Maryland police officers sometimes conduct investigations that involve lying to suspects in hopes of gleaning information that cannot be obtained otherwise. The U.S. Supreme Court has continually upheld this police power in its rulings, but two states have decided that lying is not an acceptable method of obtaining evidence in criminal cases, especially when minors are being questioned by police.
The problem with false confessions
What largely happens when police apply undue pressure during criminal investigations is that suspects either mislead the police or make false confessions based on fear of harsher punishment if they stay silent or take the case through the justice system. This especially applies in death investigations because the suspect is fearful of retribution. The problem with police lying to suspects who may make a false confession is that a person could face harsh punishment for a crime they did not commit.
Will more states implement the new police deception law?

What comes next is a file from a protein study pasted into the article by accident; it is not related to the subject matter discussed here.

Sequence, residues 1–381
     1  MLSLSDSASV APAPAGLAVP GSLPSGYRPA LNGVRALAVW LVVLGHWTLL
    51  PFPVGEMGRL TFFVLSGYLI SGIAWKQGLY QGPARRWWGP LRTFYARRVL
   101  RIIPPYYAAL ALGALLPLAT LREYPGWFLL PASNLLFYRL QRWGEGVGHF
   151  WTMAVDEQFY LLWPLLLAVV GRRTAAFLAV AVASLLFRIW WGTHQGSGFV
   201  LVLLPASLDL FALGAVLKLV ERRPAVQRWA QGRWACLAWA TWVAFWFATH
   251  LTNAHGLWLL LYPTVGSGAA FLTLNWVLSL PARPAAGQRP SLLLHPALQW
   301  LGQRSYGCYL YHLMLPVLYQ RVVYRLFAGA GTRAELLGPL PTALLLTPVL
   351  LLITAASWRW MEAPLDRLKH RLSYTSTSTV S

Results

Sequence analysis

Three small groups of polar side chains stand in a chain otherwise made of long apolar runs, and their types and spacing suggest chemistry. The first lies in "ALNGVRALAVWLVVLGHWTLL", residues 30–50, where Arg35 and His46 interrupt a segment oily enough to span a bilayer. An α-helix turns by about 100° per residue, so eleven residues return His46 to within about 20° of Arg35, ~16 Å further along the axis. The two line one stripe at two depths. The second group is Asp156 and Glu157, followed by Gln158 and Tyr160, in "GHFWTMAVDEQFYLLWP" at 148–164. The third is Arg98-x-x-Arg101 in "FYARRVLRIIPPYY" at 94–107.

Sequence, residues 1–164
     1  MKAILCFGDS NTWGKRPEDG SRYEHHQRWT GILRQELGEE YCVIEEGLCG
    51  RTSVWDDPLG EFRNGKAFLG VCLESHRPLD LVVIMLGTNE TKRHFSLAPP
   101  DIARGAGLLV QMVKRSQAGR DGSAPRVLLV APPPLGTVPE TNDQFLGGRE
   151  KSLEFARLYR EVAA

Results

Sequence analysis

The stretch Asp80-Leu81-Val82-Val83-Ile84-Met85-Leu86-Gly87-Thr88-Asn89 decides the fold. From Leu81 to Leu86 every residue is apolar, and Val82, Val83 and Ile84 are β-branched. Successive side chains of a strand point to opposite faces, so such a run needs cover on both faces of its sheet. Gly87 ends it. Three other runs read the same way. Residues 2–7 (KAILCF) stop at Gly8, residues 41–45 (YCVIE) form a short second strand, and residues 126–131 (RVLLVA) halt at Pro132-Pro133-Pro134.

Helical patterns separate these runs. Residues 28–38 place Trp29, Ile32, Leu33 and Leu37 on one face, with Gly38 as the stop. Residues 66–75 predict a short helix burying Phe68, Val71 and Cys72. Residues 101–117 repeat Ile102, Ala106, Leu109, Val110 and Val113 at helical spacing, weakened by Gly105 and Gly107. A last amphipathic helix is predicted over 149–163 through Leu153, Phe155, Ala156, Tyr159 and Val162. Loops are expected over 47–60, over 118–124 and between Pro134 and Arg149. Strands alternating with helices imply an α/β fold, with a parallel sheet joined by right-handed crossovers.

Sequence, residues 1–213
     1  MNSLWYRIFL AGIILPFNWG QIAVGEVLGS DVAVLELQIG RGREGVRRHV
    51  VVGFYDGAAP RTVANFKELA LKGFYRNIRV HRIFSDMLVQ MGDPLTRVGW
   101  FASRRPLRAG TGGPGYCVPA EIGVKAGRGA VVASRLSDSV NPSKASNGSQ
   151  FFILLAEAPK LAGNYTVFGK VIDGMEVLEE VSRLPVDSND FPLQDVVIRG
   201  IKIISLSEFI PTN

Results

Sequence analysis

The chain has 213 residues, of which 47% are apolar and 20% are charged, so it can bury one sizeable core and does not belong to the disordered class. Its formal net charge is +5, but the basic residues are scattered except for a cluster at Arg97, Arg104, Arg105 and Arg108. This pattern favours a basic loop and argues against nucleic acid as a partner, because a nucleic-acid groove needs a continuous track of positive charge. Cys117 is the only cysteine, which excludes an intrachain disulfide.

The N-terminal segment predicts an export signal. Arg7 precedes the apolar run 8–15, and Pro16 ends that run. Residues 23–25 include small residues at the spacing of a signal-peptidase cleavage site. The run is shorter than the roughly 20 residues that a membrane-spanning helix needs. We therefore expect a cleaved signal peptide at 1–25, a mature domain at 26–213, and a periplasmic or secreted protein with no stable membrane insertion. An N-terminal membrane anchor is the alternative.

It is still unclear how other states may react to this shift in policy that is beginning in Illinois and Oregon. Criminal defense attorneys in Maryland likely support a legislative measure to prevent deceptive police tactics because they see far too many minors involved in criminal activity whose lives are negatively affected by convictions at a young age.
One of the problems in the criminal justice system is police authority to lie to anyone being questioned about criminal activity and sidestepping the Fifth Amendment. Individuals who are under investigation or charged with a crime should be aware of these deceptive tactics used by police and make sure they have adequate representation to avoid incriminating themselves.